A respirator is a device designed to protect the wearer from inhaling hazardous atmospheres, including fumes, vapours, gases and particulate matter such as dusts and airborne microorganisms. There are two main categories: the air-purifying respirator, in which respirable air is obtained by filtering a contaminated atmosphere, and the air-supplied respirator, in which an alternate supply of breathable air is delivered. Within each category, different techniques are employed to reduce or eliminate noxious airborne contaminants.
Air-purifying respirators range from relatively inexpensive single-use, disposable face masks sometimes referred to as a dust mask to more robust reusable models with replaceable cartridges often called a gas mask.
All respirators have some type of facepiece held to the wearer's head with straps, a cloth harness, or some other method. Facepieces come in many different styles and sizes, to accommodate all types of face shapes. The differences in respirator design impact the respirator assigned protection factors, i.e. the resulting degree of protection from which kind of hazard.
Respirators can have half-face forms that cover the bottom half of the face including the nose and mouth, and full-face forms that cover the entire face. Half-face respirators are only effective in environments where the contaminants are not toxic to the eyes or facial area. For example, someone who is spray painting could wear a half-face respirator, but someone who works with chlorine gas would have to wear a full-face respirator.
A wide range of industries use respirators including healthcare & pharmaceuticals, defense & public safety services (defense, firefighting & law enforcement), oil and gas industries, manufacturing (automotive, chemical, metal fabrication, food and beverage, wood working, paper and pulp), mining, construction, agriculture and forestry, cement production, power generation, shipbuilding and the textile industry.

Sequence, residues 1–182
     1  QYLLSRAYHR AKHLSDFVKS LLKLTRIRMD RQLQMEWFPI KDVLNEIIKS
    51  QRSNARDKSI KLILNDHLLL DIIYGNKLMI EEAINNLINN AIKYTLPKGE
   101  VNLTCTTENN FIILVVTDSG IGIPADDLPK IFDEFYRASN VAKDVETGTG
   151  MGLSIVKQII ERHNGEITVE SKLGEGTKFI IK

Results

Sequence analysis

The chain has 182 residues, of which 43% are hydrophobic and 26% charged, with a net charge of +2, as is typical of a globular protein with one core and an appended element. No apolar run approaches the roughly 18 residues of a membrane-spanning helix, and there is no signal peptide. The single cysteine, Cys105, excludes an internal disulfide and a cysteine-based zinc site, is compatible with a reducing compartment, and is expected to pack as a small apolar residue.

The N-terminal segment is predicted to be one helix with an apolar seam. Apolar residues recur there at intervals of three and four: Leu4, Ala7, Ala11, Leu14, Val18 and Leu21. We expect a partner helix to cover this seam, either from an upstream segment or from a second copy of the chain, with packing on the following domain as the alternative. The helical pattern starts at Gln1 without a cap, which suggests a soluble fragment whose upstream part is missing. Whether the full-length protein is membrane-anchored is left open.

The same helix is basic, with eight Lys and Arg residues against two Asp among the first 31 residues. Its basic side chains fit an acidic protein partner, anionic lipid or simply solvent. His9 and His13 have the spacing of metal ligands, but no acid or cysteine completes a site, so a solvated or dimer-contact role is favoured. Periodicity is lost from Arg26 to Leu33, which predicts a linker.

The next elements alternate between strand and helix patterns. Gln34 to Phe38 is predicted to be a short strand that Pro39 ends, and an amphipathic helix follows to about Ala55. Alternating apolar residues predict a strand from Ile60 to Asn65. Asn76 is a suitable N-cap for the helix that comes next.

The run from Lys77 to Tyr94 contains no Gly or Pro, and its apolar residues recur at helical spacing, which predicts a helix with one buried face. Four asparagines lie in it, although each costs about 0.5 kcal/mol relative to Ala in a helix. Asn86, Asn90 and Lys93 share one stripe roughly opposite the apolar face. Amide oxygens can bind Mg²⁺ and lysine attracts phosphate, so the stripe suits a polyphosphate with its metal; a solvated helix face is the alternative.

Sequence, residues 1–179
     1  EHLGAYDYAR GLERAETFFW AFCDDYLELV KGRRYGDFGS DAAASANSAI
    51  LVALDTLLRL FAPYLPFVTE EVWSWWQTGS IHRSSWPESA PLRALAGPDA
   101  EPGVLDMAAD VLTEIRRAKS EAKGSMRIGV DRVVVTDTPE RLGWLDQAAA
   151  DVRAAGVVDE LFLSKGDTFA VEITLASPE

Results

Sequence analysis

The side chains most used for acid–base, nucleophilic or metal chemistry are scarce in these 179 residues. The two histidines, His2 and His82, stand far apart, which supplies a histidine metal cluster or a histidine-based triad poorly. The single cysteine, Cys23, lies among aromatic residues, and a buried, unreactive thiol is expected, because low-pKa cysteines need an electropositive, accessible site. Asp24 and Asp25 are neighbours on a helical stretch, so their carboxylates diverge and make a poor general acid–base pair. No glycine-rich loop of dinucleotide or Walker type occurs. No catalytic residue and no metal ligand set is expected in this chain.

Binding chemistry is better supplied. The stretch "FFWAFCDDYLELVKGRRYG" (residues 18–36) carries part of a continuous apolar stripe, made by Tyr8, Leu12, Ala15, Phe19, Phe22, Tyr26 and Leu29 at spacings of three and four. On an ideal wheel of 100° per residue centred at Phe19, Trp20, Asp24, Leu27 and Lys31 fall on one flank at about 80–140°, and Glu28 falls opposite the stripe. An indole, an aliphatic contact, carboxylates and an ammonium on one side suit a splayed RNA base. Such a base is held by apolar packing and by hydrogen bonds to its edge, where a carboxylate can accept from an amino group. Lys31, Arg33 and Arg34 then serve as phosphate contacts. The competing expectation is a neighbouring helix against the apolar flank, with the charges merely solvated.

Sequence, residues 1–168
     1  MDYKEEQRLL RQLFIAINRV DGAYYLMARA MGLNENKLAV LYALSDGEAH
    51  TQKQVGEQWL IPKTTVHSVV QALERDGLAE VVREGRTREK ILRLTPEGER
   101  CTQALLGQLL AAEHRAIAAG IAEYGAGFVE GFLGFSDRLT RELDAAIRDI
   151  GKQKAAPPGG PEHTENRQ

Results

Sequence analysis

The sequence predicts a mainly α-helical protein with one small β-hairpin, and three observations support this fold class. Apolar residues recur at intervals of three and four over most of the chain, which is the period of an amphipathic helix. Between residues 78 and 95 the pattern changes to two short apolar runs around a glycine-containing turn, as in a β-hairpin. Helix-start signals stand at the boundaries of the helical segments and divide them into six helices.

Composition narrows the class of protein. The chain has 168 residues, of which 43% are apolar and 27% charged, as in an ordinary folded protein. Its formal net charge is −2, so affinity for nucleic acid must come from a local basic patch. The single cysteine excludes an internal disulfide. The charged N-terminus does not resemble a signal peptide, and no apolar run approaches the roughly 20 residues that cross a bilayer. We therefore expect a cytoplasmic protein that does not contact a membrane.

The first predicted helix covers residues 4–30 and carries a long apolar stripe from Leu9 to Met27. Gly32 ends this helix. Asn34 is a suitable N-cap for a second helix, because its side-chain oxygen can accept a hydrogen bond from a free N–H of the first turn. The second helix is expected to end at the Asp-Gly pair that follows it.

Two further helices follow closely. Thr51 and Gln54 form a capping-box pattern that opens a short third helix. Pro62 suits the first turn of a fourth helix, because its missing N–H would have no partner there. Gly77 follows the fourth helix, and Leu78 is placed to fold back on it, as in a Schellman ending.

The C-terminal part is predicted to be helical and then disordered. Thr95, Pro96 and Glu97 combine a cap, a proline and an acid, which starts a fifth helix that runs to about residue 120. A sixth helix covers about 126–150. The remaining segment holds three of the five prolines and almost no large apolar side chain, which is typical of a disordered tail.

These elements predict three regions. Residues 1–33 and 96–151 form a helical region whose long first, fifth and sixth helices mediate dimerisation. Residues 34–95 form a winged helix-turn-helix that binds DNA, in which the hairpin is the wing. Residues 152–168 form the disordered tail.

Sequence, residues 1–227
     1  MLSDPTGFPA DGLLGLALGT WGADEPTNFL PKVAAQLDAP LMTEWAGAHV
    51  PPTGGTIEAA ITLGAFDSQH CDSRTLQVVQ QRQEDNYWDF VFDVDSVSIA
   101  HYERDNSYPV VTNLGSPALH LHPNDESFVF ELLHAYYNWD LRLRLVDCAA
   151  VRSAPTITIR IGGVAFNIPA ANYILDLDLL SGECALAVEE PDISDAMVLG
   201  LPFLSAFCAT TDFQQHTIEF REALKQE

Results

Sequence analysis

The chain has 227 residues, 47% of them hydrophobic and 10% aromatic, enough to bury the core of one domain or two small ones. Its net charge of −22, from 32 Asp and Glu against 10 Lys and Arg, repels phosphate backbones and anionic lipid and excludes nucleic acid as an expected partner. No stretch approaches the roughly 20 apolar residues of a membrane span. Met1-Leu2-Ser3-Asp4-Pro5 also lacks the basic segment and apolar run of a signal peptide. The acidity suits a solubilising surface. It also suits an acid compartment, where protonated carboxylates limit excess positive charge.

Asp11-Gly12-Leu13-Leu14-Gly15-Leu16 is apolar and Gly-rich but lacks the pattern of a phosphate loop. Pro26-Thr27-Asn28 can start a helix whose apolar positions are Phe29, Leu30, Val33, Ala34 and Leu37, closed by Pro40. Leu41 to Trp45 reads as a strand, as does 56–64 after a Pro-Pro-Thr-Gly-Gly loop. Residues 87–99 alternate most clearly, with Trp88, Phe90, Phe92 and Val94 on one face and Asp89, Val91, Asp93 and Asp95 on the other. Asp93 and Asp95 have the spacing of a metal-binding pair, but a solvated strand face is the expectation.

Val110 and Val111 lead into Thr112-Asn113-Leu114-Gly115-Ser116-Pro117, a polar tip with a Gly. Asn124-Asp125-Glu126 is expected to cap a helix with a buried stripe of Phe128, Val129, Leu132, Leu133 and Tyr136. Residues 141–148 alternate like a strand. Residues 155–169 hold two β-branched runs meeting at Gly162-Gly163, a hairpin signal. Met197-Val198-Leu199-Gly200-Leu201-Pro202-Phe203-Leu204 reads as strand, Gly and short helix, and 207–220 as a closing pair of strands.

Most types of respirators depend upon forming a good seal between the respirator body and the face of the wearer. Fit testing procedures have been developed to ensure that the respirator is appropriate for the wearer and the wearer's donning technique is capable of creating an adequate seal. Poor fit can have a negative impact on the respirator's overall filtering effectiveness by as much as 65%. A study on respirator effectiveness conducted in Beijing found that facial fit was the primary contributor to total inward leakage (TIL), based on a test of nine different models. A high-quality respirator should see TIL of only around 5%. Facial hair such as a beard can interfere with proper fit.
Qualitative fit testing typically subjects the wearer to an atmosphere containing an aerosol that can be detected by the wearer, such as saccharin or isoamyl acetate, with the wearer reporting whether detectable levels of the aerosol has penetrated into the breathing area. Quantitative fit testing typically uses a specially prepared respirator with an inserted probe. The respirator is donned, and aerosol concentrations inside and outside of the mask are compared and used to determine a numerical fit factor. Typical room atmosphere contains sufficient particulates to perform the test, but aerosol generators can be used to improve the test accuracy.
Workplace protection factor (PF) of filtering facepiece, measured in real time with two optical dust meters. In-facepiece dust concentration is changed dozens of times in a matter of minutes due to changes of the size of the gaps between the mask and face.